But at the same time, my understanding of the situation is that more nuclear plants aren't being ordered not because the captains of American industry necessarily fear the wrath of Greenpeace, but rather because of the fact the nuclear power plants are simply more expensive to run and to maintain than coal-powered ones.

As always, you can expect change when big business finds that change to be in its best interest profitwise.

James Maxey said...

My perhaps skewed understanding is that nuclear is more expensive in part due to the inevitable lawsuits that can be expected anytime one is proposed. The industry also faced shifting sands of regulation in the seventies and eighties--they could plan a plant, get it approved, then in the middle of building it get hit with new regulations that forced them back to the drawing board.

However, it's indisputable that coal is a cheap source of power, and, unlike oil, coal is mostly produced in areas of relative political stability. China, the US, India and Australia have coal deposits that can last for several more centuries--and, China, the US, and India are right up at the top of the list of countries putting CO2 in the air.

For the US, coal is a no-brainer. We may not be energy independent on oil, but we have all the coal we need to keep the lights on for a long, long time. And, while I favor nuclear power, let me note I'm not fanatically anti-coal. Coal has done an excellent job of cleaning itself up in recent year, reducing its pollution footprint (at least in the US).

I had a friend argue last night that solar was the hope of the future, and even the present. I know a lot of people who are under that conviction. Fortunately, this one is something you can do something about if you are a homeowner. Solar panels are commercially available. I've looked it up, and the cost of fitting my house with solar panels is roughly $10,000. Since my monthly power bill is $75 on average, I could recapture my investment in roughly ten years... around the time I'd have to replace the panels again. And, I had a friend who lived off grid for several years and powered her home with solar... and diesel generators. The solar just didn't provide the power needed to keep her home powered even though she was using the most energy efficient appliances available and was living without certain modern luxuries like air-conditioning. I'm betting that with no AC and a hyper-efficient water heater and washer and dryer, plus LED lightbulbs, I could cut my power bill in half... meaning I'd need twenty years off the grid to justify the cost of my investment. I seriously doubt I'll live in my house 20 years.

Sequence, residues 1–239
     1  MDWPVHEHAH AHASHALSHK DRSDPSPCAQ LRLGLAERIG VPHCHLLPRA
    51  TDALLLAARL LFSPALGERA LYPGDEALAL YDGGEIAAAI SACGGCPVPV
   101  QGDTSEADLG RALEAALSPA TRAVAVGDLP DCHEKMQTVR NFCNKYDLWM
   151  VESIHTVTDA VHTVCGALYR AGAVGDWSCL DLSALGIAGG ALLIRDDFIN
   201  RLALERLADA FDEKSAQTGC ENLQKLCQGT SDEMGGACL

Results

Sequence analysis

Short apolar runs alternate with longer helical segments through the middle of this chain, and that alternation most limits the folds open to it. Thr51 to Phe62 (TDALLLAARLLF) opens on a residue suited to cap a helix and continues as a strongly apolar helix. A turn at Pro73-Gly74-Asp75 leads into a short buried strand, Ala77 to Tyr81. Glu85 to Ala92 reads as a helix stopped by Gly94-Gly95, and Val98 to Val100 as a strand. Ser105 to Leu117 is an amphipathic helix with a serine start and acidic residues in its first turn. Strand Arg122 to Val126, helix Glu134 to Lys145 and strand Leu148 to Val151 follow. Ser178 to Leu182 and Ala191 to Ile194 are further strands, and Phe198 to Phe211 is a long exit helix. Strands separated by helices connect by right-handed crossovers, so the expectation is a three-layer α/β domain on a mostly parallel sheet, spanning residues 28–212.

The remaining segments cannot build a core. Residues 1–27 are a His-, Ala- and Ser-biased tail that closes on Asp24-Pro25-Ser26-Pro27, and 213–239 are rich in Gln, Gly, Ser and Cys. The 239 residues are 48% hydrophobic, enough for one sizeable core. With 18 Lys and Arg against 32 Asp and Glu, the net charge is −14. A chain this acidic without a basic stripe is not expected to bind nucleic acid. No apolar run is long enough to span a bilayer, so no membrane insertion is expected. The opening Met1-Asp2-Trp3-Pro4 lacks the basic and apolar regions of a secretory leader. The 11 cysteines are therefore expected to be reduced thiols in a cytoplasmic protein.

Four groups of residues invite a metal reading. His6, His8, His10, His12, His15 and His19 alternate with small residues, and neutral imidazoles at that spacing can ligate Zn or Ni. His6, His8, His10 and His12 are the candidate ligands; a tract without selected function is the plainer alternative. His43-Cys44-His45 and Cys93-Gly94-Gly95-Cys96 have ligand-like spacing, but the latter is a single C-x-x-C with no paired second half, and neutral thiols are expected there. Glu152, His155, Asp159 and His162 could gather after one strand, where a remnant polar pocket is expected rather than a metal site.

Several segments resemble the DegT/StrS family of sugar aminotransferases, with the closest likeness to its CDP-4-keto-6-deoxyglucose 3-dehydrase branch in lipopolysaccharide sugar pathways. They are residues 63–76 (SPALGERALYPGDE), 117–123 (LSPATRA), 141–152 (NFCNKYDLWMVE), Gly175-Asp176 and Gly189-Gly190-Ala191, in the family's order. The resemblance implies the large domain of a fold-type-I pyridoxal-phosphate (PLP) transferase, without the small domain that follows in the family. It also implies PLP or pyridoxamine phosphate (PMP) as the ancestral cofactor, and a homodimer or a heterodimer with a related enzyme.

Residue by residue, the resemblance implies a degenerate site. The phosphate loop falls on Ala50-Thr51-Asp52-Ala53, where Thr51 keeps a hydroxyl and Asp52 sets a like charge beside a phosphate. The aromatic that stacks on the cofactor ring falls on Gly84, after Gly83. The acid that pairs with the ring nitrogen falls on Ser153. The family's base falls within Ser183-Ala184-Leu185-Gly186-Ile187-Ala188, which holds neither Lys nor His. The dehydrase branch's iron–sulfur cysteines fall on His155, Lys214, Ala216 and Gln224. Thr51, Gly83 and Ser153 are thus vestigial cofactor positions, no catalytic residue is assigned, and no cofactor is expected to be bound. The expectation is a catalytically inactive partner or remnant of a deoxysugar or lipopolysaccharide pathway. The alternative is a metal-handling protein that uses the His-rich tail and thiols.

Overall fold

Until solar falls to the level you could recover your costs in five years, even if you kept the AC running during the summer, I just don't see how it competes with coal economically.

John Brown said...

I've always found it useful to see if the 80/20 rule applies to a given situation. If it does, then it often shows where you get the biggest bang for your buck.

I haven't seen enough evidence yet to suggest that the human factor is the 80% factor. The evidence linking warming and cooling to the sun seems more compelling to me at the moment. But if humans are the 80% factor, then the question James asks is the next most important question--what are the few factors that make up 80% of the effect?

I saw an article the other day claiming that deforestation [cut and burnl] accounts for up to 25 per cent of global emissions of heat-trapping gases, while transport and industry account for 14 per cent each; and aviation makes up only 3 per cent of the total.


I've been trying to find an estimate of all factors. But if deforestation IS the big cause, then piddling around with one or two sheets of toilet paper isn't going to help. The effort and money should be spent helping those in these countries find sustainable economic alternatives--open trade etc--to what they're doing now. And we should be looking for ways to increase forests where they've already been eradicated.